Nota Bene: anyone who isn’t interested in a frank portrayal of the sex industry in Germany may want to stop reading now. This isn’t my usual territory, either, but sometimes you just have to say things.
September 26, 2015 Hamburg is a fascinating and beautiful city, known for its massive harbor and Speicherstadt and really good fish–and for its red light district, the Reeperbahn, affectionately referred to as die sündigste Meile der Welt (the most sinful mile in the world). I spent a couple hours there before my train left for Lübeck.
Why go at all? Because it’s a part of Hamburg, and a part of the world in general, and because you don’t get the chance to walk through a European red light district every day, and dang it if I wasn’t going to experience this, too. So I checked out of the hostel and took my camera and went.
Part of me, strangely enough, wanted or expected to like it, at least a little–wanted to be open-minded to the point of being able to view it as a celebration of sexuality, wanted to have some sort of profound relationship-deepening experience like the woman in this really superb article. But instead I just found it gross and dirty and unspeakably sad. Who gets any sort of satisfaction from 39 Euro sex? Almost laughable, that.
And as I discovered, it’s hard to have a profound relationship-deepening experience when you are walking around all by yourself on a Wednesday morning, surrounded by street sweepers and lorries delivering vodka. I don’t suppose there are very many things in the world more lonely and less romantic than being a solitary female in a red light district at 10am.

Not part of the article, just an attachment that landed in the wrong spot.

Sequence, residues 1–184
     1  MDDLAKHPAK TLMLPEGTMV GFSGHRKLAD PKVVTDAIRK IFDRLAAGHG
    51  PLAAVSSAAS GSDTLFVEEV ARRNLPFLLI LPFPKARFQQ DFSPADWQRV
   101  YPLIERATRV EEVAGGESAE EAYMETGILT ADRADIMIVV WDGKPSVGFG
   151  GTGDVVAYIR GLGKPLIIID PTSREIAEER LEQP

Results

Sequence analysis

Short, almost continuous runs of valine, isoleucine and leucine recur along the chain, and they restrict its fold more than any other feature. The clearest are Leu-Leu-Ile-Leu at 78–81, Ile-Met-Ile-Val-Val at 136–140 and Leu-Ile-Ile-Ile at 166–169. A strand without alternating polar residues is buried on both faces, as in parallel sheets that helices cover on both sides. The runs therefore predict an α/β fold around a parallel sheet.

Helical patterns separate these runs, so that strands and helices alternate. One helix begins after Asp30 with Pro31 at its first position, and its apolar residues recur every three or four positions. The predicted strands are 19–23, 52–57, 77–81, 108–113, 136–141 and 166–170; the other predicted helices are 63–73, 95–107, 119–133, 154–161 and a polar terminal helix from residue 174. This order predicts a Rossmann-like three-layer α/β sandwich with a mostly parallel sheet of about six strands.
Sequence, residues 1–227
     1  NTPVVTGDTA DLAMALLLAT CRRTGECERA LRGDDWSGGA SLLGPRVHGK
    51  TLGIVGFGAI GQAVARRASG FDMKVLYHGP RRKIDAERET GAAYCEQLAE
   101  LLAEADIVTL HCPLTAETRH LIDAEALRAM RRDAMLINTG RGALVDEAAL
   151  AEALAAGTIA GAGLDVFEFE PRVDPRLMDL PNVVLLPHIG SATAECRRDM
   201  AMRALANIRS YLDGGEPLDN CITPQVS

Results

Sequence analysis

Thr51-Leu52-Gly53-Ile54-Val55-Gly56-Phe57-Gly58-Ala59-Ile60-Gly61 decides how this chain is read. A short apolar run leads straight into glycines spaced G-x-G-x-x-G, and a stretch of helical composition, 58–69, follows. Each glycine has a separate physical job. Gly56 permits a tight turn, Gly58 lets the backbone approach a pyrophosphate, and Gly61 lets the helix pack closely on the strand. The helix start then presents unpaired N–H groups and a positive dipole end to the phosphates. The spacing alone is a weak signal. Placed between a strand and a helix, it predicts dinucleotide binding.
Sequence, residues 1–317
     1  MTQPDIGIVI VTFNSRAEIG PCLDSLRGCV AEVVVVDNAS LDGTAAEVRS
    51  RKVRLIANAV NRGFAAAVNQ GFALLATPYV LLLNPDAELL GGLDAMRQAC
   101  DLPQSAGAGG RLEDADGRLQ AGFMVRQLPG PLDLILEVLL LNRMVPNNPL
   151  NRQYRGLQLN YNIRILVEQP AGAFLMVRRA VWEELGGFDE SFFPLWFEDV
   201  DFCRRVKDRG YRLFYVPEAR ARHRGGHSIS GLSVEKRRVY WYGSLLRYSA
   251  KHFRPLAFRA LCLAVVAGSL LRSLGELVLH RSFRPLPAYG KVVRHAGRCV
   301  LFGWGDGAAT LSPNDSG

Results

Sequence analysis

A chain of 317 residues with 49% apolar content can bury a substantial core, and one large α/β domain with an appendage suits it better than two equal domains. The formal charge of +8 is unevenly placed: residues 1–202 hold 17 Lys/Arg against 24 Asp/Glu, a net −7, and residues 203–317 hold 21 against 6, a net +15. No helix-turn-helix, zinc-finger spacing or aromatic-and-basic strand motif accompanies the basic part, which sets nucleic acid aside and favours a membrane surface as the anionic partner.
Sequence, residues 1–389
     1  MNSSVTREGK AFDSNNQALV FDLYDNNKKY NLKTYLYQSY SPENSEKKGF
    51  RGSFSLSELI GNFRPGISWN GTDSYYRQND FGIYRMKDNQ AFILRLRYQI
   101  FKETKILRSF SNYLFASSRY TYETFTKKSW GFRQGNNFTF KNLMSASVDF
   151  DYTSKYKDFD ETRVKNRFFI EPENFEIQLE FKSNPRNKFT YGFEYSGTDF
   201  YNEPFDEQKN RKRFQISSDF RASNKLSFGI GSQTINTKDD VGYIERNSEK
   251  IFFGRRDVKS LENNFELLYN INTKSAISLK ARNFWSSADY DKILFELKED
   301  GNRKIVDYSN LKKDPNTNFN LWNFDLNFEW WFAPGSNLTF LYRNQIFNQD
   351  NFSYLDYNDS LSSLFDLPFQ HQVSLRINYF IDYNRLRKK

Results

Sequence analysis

Certainly, the place was not without a certain aesthetic–the apotheosis of kitsch, neon, street art. There was a sort of strange charged energy in the air, even after-hours, that made even non-participatory observation into something problematic and moving. As an objet d’art, the whole place worked.
But for me, the troubling nature of it all outweighed the aesthetics.
Leaving aside all the questions associated with the sex industry in general, what disturbed me most were the signs in the windows of many bars and blocking the entrance to one entire street: Zutritt für Frauen verboten. Entrance for women forbidden. Not that I necessarily would have wanted to go into those places anyway. But what other spaces in the 21st century West explicitly forbid the presence of women? Sure, there are implicit bans–the glass ceiling, and all of that. But a sign telling me I can’t walk through a public street because of my gender? Really??
Strangely enough, the only other place I have ever personally encountered the explicit ban against the physical presence of women is in the church–in a traditional Jewish tabernacle in Würzburg, in a Southern Baptist service in my own home town. Not that I am making any sort of comparison between the church and Hamburg’s red light district. But it’s ironic how things work, sometimes.
All that to say: at the Reeperbahn, I didn’t go in the bars and I didn’t walk down the street. I took my pictures and I left. No victory for feminism there.
But in the end, though, isn’t the exclusion of women in such a space all-pervasive, even without the explicit signs? The entire street, and the entire concept behind the street, caters to and exists only as a function of the male gaze. The female gaze–her perspective, desires, reality–is nonexistent. The women on the tables and behind the windows aren’t women at all, but rather projections of male fantasy that happen to have taken on flesh and blood.
The real women are out there on the other side of all of those Frauen verboten signs. Here, they don’t exist. Which is strange, since “girls” are the main attraction.